The NCAA Basketball transfer market heated up in a big way on Thursday afternoon, as social media superstar Mac McClung decided to not test the NBA Draft waters, removing his name from consideration and entering the transfer portal, opting to leave the Georgetown Hoyas. McClung, a rising junior, was an integral part of the Hoyas, averaging 13.1 points per game in his freshman campaign, before the guard averaged 15.7 points per game, to go with 3.1 rebounds, 2.4 assists, and 1.4 steals as a sophomore, playing just 21 games due to injury. McClung rose to fame via viral dunking videos during high school, and he figures to eventually be drafted, but for now, he will continue playing at the collegiate level, and he’s certain to have no shortage of teams vying for his services in the 2020-2021 season.
SEC sets May 22 voting date
The SEC announced that their presidents and chancellors were scheduled to meet virtually and vote on whether to allow their schools to reopen their athletic facilities in June. In the conference’s initial response to the coronavirus pandemic, they shut down all athletic activities through May, but no further announcement had been made by the conference, although a few schools, with Arkansas in particular making headlines, had announced their intentions to start the football season as scheduled. The May 22 vote would allow facilities to re-open, but it was specified that it was too early to determine the potential ability for teams to hold walk-throughs or practices.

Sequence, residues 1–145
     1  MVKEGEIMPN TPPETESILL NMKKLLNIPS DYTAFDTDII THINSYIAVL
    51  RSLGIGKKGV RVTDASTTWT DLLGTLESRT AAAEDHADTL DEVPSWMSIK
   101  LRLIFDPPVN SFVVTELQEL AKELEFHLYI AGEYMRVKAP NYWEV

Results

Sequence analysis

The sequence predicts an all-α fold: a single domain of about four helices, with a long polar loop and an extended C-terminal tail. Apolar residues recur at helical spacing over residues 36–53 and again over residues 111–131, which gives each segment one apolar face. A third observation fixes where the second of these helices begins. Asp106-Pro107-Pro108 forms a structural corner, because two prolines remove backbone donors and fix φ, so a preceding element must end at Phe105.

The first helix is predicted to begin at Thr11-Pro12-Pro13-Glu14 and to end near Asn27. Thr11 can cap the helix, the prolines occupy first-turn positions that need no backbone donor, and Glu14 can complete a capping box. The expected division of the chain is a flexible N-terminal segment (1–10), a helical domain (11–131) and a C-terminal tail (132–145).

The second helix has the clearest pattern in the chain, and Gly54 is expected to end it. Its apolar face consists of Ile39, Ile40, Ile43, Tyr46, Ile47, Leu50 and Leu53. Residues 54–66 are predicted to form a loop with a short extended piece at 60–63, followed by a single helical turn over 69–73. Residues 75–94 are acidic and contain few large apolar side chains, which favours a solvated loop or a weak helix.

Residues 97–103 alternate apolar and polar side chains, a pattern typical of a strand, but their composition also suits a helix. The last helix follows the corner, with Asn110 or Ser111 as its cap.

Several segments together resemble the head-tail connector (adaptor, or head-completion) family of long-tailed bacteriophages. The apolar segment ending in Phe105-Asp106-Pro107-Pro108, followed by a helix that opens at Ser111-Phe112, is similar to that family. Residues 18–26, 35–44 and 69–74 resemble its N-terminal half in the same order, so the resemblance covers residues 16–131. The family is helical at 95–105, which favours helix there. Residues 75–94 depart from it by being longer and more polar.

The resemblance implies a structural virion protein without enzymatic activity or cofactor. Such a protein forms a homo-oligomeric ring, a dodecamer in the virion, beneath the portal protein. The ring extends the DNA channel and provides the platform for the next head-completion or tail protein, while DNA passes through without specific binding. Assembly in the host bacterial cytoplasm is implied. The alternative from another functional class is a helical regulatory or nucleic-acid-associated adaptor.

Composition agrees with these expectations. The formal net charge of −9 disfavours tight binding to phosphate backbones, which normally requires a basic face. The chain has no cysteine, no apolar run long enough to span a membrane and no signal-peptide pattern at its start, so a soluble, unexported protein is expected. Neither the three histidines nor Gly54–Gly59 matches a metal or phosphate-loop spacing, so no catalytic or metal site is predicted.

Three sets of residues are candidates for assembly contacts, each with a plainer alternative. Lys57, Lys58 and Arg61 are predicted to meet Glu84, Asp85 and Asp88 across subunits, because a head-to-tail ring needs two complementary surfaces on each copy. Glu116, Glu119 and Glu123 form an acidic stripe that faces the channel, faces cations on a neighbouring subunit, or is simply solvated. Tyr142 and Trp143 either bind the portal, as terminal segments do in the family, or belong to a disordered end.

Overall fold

NCAA basketball exploring shot clock replay rule
The NCAA Men’s Basketball Rules Committee proposed a rule that would ideally cut down on officiating errors, suggesting that referees can review plays which they whistled dead to a shot clock violation. While they are currently allowed to review to see if they failed to call a shot clock violation, they are presently permitted to undo a shot clock violation called. The Rules Committee says it threatens the integrity of the game, particularly by potentially wiping away legal game-winners by a decision that has to be made in a split-second.
They also suggested resetting the shot clock any time the offensive team retains possession in the front court – the rule currently allows the shot clock to reset if the offense collects a rebound. If the proposed expansion of the rule is allowed, if the ball goes out off a defensive player and the team with the ball retains possession, the shot clock can be reset to 20 seconds or the prior time remaining, whichever is greater.